A common type of ground cover, grass makes a good surface for the activities of people and pets. It also protects the soil from erosion due to wind and water. Some types of soil pose a problem for lawn establishment and growth. The fine-knit particles of clay soil cause grass plants, as well as other types of plants, to struggle to obtain air and water. Heavy, clay soils compact around the roots of plants. Growing grass in clay soils requires amending and preparing the soil prior to planting, as well as caring for established grass.
Test the soil in your yard before planting your grass. Soil tests measure the amounts of nutrients present in the soil and the existing pH balance. In addition to the obvious porosity problems, clay soils often lack adequate levels of nutrients necessary for healthy lawns. Purchase any amendments recommended by your soil test results.
Loosen your clay soil with a rototiller. Do this on a dry day when soil is dry or just slightly damp. Do not attempt to work your clay soil when it is wet. Digging in wet clay will cause hard clumps to form in the soil and create an uneven, lumpy surface. Break up the top 5 to 6 inches of soil by going over your planting site numerous times until evenly tilled.
Spread the soil amendments recommended by your test results over the surface of the soil. Add organic matter, such as sphagnum peat, to loosen your clay soil and increase the porosity. Purchase sphagnum peat from your local nursery or gardening center. For heavy, clay soils, use about 3 cubic yards of peat for every 1,000 square feet of surface area in your yard. Spread the peat evenly over your planting site and mix into the underlying soil with your tiller. Go over the entire area two or three times, evenly mixing the soil with the amendments. Rake the surface to create a smooth bed for your lawn seed.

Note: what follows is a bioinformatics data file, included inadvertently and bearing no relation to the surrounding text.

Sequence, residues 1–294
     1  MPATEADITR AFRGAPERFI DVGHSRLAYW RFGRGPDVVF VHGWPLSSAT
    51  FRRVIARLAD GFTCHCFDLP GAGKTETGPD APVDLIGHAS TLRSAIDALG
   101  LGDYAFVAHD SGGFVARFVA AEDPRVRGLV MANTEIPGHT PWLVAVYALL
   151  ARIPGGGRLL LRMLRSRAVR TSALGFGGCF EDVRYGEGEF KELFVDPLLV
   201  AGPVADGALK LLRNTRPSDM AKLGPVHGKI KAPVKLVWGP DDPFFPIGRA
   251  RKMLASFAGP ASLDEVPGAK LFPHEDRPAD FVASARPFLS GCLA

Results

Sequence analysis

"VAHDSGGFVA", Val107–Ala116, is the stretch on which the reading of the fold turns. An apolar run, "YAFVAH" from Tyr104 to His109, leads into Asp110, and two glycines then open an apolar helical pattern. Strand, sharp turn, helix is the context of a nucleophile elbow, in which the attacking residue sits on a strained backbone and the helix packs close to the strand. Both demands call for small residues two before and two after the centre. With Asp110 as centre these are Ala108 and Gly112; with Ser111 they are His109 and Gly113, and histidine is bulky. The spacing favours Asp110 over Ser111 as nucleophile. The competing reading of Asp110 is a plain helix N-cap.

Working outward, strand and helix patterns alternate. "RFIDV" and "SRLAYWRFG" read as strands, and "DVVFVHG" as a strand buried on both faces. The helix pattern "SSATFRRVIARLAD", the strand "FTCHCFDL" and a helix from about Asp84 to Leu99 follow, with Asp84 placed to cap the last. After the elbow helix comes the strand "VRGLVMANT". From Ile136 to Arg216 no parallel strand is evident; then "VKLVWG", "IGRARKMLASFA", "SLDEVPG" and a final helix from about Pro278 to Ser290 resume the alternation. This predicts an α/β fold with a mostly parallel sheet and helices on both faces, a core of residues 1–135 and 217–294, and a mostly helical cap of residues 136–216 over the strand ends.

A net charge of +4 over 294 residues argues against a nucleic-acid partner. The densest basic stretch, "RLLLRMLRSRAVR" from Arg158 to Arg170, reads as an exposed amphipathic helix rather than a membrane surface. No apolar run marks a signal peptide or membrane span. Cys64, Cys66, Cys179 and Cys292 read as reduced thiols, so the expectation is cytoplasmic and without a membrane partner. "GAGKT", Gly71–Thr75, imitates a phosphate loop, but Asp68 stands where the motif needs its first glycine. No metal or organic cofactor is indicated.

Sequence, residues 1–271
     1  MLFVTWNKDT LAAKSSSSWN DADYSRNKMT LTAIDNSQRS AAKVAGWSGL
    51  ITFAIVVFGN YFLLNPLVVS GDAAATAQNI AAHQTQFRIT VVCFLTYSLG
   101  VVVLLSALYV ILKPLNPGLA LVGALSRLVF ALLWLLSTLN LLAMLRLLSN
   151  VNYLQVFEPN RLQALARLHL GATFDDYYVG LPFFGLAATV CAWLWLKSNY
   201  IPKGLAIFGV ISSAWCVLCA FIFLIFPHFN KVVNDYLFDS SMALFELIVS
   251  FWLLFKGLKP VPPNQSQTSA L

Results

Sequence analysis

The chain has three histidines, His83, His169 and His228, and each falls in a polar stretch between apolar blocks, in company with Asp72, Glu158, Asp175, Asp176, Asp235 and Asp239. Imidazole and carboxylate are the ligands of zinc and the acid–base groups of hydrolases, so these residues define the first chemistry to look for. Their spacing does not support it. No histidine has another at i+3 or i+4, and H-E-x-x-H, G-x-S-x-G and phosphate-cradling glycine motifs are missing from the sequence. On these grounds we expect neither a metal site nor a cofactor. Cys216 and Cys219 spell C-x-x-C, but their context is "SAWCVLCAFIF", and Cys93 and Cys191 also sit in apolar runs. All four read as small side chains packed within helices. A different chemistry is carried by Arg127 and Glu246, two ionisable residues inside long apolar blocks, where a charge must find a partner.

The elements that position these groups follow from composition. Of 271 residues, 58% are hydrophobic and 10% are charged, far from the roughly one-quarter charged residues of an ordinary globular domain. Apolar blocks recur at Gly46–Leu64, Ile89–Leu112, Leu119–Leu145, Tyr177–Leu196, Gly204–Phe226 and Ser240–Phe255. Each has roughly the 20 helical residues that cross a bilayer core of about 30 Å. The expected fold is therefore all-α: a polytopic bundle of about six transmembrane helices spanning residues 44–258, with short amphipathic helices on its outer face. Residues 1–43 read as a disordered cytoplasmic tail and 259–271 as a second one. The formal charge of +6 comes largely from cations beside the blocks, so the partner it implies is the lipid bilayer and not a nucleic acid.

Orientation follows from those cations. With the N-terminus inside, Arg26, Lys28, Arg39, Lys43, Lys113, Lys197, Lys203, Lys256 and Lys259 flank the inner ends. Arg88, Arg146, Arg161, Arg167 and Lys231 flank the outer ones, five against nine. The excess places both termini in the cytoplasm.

Plant your grass seed over the surface of your prepared soil with a seed broadcaster. Spread your lawn seeds at the rate specified on the seed bag. Run a soil roller over the surface of your scattered seeds to provide good contact between the soil and the seeds. Moisten the surface of the soil with a fine spray of water.
Water your new lawn as it germinates and grows, according to the instructions provided with your selected variety of grass seeds. Most types of grass seeds require steady levels of slight moisture during germination. Depending on your climate, this may mean light watering a few times every day for a couple of weeks.